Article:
Salam Fayyad - Palestinian Finance Minister (Again)
16 April 2007
Dr Salam Fayyad has been traveling the diplomatic capitals of the world, having recently been appointed, for a second time, to the position of the Palestinian Minister of Finance.
He has a distinguished record in international banking. In his mid 50s, he has already served as an economist at the World Bank in Washington, D.C and represented the IMF in Jerusalem from 1995 to 2000. There, he specialised in financial reform of the Palestinian Authority's (PA) Ministry of Finance.
He later was in charge of the Arab Bank for the West Bank region, before going on to accept the position of PA Minister of Finance in November 2003. As the Financial Times declared:
(He) was lauded by the international donor community for bringing transparency and improved governance to a fiscal system previously marred by corruption. Under his tenure, hundreds of millions of dollars in aid were transferred annually to the PA via a single account that he controlled. That system broke down when the international community decided to boycott the Hamas-led PA and transfer aid through the office of President Mahmoud Abbas.
(The question begs what happened to the funds in the account, when Hamas took over the Finance Ministry in 2006 and it ceased to publish monthly reports on the internet.)
In early 2006, Fayyad entered the Palestinian Parliament through the Third Way Party. His group claimed to have compiled 16 reports on senior members of the Palestinian oligarchy, including those in the security services, whom they believe to have been swathed in pecuniary corruption.
Fayyad is known for his good relations with both President George Bush and Secretary of State Condoleezza Rice. He also maintains close contact with many Israeli personalities with access to the Prime Minister's Office. And, yet...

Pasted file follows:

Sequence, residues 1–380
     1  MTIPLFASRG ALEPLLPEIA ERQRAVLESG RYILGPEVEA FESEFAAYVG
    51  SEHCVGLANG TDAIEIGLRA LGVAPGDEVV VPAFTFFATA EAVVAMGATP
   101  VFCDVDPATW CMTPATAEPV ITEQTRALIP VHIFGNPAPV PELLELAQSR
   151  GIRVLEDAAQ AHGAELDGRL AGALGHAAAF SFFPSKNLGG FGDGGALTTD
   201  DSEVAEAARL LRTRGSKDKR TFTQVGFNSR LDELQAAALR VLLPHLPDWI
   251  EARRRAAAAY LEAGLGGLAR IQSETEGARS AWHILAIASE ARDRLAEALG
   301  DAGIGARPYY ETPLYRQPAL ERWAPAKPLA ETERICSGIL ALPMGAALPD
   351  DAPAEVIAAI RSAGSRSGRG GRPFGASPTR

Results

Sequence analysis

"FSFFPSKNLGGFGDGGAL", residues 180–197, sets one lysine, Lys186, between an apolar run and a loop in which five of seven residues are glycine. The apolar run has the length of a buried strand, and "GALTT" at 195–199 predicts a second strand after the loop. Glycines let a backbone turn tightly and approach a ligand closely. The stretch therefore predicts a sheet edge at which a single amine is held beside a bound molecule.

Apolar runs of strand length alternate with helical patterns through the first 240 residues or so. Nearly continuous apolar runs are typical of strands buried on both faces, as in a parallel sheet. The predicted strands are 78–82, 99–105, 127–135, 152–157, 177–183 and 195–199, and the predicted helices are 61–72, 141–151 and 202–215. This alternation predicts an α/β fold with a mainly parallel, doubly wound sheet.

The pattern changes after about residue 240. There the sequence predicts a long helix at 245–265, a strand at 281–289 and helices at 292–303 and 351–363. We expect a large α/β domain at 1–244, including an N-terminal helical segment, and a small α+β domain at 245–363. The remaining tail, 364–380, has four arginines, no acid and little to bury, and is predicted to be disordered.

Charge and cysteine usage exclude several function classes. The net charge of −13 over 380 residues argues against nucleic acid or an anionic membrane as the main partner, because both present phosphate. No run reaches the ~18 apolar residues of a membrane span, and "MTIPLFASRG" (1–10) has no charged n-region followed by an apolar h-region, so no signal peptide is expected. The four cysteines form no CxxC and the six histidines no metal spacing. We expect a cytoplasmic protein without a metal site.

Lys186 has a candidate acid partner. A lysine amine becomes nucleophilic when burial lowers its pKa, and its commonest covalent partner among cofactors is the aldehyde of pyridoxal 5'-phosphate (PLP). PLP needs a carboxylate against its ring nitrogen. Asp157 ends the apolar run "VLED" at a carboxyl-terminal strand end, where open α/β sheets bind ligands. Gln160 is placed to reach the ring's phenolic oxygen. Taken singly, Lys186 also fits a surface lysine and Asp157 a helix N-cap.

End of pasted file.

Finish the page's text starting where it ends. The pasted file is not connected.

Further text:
And yet, the Palestinians are unlikely to receive the funds they request in the near future. There are 3 reasons for this response. The problem is not that Israel is officially boycotting all Palestinian government ministers, Hamas or otherwise.
First, politicians are concerned that Fayyad is continuing to renege on previous promises, originally delivered but not kept by Abbas and Hamas finance officials. When Israel delivered monies in January 2007, there was an understanding that they would not end up paying for the salaries of militants. The Palestinians have failed to prove to the world that this policy has been implemented.
Second, Benita Ferrero-Waldner, the EU External Affairs Commissioner, confirmed after recently meeting Fayyad that despite the needs of the Palestinians, the new Palestinian government had yet to renounce violence. That is unacceptable to the Europeans and the rest of the Quartet.
Third, a recent report from the World Bank has warned of a new financial crisis facing the Palestinian Authority. As the document explained, much of the problem is self-inflicted; a public sector payroll growing at 9% annually, burdened by unjustified pay rises and new, non-functioning offices in the security sector. It has not gone unnoticed that this trend gained momentum during Fayyad's previous stint at the helm of the Finance Ministry.
Fayyad's challenge is enormous. It will be interesting to see if he can recoup the fortunes squandered by his Hamas predecessors.
Left: Yasser Arafat
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